Too Much Estrogen: A Common Problem in Modern Women
Women need a certain amount of estrogen to function properly. After all, the absence of estrogen during menopause leads to unpleasant side effects like mood swings, hot flashes and vaginal dryness. However, estrogen levels of either extreme are unhealthy. Having too much estrogen can be just as bad, or even worse than having too little of this important hormone.
What are the Causes of High Estrogen Levels?
High estrogen levels can be a result of a number of different things. Estrogen replacement therapy to treat menopause symptoms can inadvertently tip the scales in the opposite direction, causing high estrogen. Some medications can put too much estrogen into the body, and we also absorb foreign estrogens into our bodies via our environment. Sometimes, the cause is purely internal, such as a problem with the ovaries or the pituitary gland that causes the organ to produce too much hormone.
Regardless of the cause of high estrogen, the symptoms are often the same. These can include:
- Breast tenderness
- Cold extremities
- Fibrocystic breast tissue
- Hair loss
- Irregular periods
- Low libido
- Mood swings
- Poor memory
- Sleep disturbances
- Weight gain
- Worsened PMS symptoms
If you have too much estrogen in your body, you don't have to put up with these symptoms. There are steps you can take to help your body reduce its estrogen levels in a natural and safe way.
How to Avoid External Estrogens
Although human estrogen is a unique chemical, there are many other chemicals that act just like it called xenoestrogens—meaning foreign estrogens. Essentially, when your body has absorbed a xenoestrogen, it mistakes it for the real thing. Although the presence of xenoestrogens may not be the exact same chemical as the estrogen your body produces, these compounds will have the same effect as estrogen on your body, contributing to symptoms of high estrogen.
There is a chemical additive used in plastics called BPA, short for bisphenol A. Although this compound may improve the durability of the plastic material, it easily makes its way out of the plastic and into your body, where it will act as estrogen. Avoid using plastic food and drink containers, cosmetics and toiletries that contain BPA. More manufacturers are starting to create BPA-free products that say on the label that they are BPA-free; look for these.
Avoiding BPA-containing products has a real effect on the body's BPA levels, as demonstrated by a study conducted at California Polytechnic State University. This study separated a group of women into two groups. One group was to avoid BPA for three weeks, and the other was to make no effort. After three weeks, the women who avoided contact with BPA had much lower levels of BPA in their urine. This study, published in the Journal of Women's Health, is concrete evidence that using BPA products increases the body's levels of this endocrine disruptor.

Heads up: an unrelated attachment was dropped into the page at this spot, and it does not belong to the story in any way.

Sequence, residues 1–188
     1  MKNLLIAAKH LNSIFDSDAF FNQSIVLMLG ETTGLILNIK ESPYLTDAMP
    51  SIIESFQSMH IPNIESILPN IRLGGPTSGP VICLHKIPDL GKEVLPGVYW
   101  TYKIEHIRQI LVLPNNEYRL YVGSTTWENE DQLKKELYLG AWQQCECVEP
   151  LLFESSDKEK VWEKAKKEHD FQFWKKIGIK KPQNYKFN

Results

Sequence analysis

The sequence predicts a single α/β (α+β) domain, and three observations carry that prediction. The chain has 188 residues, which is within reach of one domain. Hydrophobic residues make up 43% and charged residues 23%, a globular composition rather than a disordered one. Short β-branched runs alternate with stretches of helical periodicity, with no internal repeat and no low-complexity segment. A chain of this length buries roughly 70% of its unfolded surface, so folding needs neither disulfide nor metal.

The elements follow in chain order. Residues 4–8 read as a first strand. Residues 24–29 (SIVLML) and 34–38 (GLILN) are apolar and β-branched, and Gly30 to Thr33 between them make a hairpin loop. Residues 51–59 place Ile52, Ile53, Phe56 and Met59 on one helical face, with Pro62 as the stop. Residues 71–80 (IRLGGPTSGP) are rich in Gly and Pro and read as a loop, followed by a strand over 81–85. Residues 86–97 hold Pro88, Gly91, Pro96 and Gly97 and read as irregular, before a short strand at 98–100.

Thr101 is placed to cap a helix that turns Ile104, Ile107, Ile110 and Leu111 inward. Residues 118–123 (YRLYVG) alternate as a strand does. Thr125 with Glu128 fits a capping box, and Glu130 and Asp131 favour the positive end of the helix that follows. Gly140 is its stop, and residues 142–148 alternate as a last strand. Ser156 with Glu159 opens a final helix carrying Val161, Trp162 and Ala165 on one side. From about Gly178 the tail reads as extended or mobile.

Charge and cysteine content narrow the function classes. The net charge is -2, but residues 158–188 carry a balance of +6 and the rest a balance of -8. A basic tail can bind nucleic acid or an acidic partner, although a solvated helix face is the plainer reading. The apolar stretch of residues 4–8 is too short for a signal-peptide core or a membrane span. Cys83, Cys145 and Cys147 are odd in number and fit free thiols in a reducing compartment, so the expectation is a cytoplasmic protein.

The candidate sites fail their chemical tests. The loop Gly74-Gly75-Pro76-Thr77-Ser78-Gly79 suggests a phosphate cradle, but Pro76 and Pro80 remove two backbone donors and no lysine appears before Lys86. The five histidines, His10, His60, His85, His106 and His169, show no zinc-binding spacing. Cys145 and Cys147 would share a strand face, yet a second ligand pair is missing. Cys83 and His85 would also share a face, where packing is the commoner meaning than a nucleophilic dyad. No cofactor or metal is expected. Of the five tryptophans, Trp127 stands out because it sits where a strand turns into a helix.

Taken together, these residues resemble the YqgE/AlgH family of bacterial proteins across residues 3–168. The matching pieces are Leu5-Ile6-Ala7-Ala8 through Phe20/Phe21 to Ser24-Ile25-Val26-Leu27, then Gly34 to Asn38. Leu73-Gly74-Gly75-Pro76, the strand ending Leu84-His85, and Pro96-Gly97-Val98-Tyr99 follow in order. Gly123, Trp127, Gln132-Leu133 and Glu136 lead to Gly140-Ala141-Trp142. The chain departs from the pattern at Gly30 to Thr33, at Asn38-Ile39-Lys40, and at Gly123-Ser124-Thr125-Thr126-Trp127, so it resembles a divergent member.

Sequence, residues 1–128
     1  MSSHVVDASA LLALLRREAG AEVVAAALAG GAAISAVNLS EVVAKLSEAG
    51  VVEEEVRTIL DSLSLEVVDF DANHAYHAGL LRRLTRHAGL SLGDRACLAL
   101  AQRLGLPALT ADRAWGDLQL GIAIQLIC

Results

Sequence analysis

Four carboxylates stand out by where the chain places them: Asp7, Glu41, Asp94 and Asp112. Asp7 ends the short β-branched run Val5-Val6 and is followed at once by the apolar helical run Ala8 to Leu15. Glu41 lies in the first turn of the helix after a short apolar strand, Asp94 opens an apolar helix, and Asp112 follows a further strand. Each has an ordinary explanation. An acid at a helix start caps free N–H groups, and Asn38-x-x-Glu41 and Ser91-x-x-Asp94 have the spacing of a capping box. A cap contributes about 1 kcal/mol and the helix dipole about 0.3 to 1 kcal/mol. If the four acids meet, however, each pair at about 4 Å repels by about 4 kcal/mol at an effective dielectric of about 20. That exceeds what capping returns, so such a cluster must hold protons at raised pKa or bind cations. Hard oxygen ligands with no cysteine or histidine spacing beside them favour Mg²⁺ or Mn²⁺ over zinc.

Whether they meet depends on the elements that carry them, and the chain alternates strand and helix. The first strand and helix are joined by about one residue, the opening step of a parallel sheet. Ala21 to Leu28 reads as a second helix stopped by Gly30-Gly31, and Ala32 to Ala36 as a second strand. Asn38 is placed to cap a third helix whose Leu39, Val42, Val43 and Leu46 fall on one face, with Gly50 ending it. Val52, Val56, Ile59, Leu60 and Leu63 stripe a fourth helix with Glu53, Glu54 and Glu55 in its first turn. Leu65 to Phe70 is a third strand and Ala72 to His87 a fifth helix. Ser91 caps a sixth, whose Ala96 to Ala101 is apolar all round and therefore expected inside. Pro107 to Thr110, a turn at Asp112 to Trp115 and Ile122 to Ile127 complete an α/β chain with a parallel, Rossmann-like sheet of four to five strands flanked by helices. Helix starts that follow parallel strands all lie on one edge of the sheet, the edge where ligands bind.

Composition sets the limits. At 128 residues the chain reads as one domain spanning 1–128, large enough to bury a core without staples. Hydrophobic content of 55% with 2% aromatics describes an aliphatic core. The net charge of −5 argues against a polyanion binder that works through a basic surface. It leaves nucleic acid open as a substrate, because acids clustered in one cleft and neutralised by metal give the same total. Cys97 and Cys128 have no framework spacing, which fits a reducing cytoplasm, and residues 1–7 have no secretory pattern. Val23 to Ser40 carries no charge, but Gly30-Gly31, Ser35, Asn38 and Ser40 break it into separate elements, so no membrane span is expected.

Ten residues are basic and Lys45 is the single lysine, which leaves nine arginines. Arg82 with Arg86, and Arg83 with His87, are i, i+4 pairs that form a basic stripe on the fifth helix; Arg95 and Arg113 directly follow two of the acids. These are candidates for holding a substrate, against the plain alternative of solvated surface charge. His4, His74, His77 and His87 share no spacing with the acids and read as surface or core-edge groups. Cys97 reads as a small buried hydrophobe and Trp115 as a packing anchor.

Another way to avoid xenoestrogens is to educate yourself about which foods and herbs contain the highest levels of phytoestrogens, or estrogens found in plants. There are too many foods that contain phytoestrogens to realisitically cut out completely from your diet; rather, you should avoid the common ones that contain the highest amounts of estrogen.
These main foods are soy products and grains, which you should consider eliminating completely from your diet if you are concerned about having too much estrogen. Limit your intake of nuts, seeds, and legumes. Before taking a botanical dietary supplement, make sure it doesn't contain high levels of phytoestrogens. The botanicals to watch out for include hops, licorice, oregano, red clover, thyme, turmeric and verbena.
How to Promote the Removal of Excess Estrogen
Not letting xenoestrogens into your body is a great first step. Next, you should help your body flush out the excess that is already there. Drinking more water, eating more fiber, and eating probiotic foods can help your digestive system remove the unwanted estrogen. Dry skin-brushing at home as well as professional massage can help to stimulate your lymphatic system, which may in turn help it drain away your excess estrogen. Exercise is also great for overall health, so don't neglect it.
Your liver is responsible for detoxifying your body, so be sure to support your liver health. Eat healthy, drink plenty of water, and avoid alcohol—common sense solutions that hopefully you are already practicing anyway. Foods that support liver health include artichoke, beets, broccoli, brussels sprouts, cabbage, dandelion greens, dark leafy greens, eggs, garlic, kale, leeks, onions and shallots. Botanical supplements that you can take for this purpose include milk thistle, Oregon grape root, barberry, burdock, dandelion root, gentian, ginger and rosemary.
If you follow these suggestions and your high estrogen symptoms still persist, be sure to make an appointment with a medical doctor.